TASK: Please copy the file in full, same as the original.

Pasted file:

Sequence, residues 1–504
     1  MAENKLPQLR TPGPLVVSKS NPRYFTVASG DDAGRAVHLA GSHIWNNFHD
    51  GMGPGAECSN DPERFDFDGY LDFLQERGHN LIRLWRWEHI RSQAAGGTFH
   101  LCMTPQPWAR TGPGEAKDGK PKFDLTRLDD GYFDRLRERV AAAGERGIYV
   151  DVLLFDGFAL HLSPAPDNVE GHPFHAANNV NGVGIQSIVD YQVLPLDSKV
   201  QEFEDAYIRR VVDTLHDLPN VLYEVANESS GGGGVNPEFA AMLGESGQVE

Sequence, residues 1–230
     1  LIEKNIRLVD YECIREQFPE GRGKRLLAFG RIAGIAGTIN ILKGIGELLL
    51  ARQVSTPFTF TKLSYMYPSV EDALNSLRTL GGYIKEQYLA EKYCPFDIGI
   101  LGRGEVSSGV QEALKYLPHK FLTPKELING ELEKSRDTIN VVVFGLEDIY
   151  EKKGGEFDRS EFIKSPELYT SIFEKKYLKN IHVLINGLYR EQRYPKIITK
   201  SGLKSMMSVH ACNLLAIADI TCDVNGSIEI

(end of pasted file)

Sequence, residues 1–504
     1  MAENKLPQLR TPGPLVVSKS NPRYFTVASG DDAGRAVHLA GSHIWNNFHD
    51  GMGPGAECSN DPERFDFDGY LDFLQERGHN LIRLWRWEHI RSQAAGGTFH
   101  LCMTPQPWAR TGPGEAKDGK PKFDLTRLDD GYFDRLRERV AAAGERGIYV
   151  DVLLFDGFAL HLSPAPDNVE GHPFHAANNV NGVGIQSIVD YQVLPLDSKV
   201  QEFEDAYIRR VVDTLHDLPN VLYEVANESS GGGGVNPEFA AMLGESGQVE

Sequence, residues 1–230
     1  LIEKNIRLVD YECIREQFPE GRGKRLLAFG RIAGIAGTIN ILKGIGELLL
    51  ARQVSTPFTF TKLSYMYPSV EDALNSLRTL GGYIKEQYLA EKYCPFDIGI
   101  LGRGEVSSGV QEALKYLPHK FLTPKELING ELEKSRDTIN VVVFGLEDIY
   151  EKKGGEFDRS EFIKSPELYT SIFEKKYLKN IHVLINGLYR EQRYPKIITK
   201  SGLKSMMSVH ACNLLAIADI TCDVNGSIEI